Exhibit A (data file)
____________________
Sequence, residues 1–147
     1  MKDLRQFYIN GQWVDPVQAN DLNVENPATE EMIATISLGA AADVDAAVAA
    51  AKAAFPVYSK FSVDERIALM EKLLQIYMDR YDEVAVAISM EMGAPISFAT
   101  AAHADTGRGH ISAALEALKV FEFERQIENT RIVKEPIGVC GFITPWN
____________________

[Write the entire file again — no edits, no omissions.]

Sequence, residues 1–147
     1  MKDLRQFYIN GQWVDPVQAN DLNVENPATE EMIATISLGA AADVDAAVAA
    51  AKAAFPVYSK FSVDERIALM EKLLQIYMDR YDEVAVAISM EMGAPISFAT
   101  AAHADTGRGH ISAALEALKV FEFERQIENT RIVKEPIGVC GFITPWN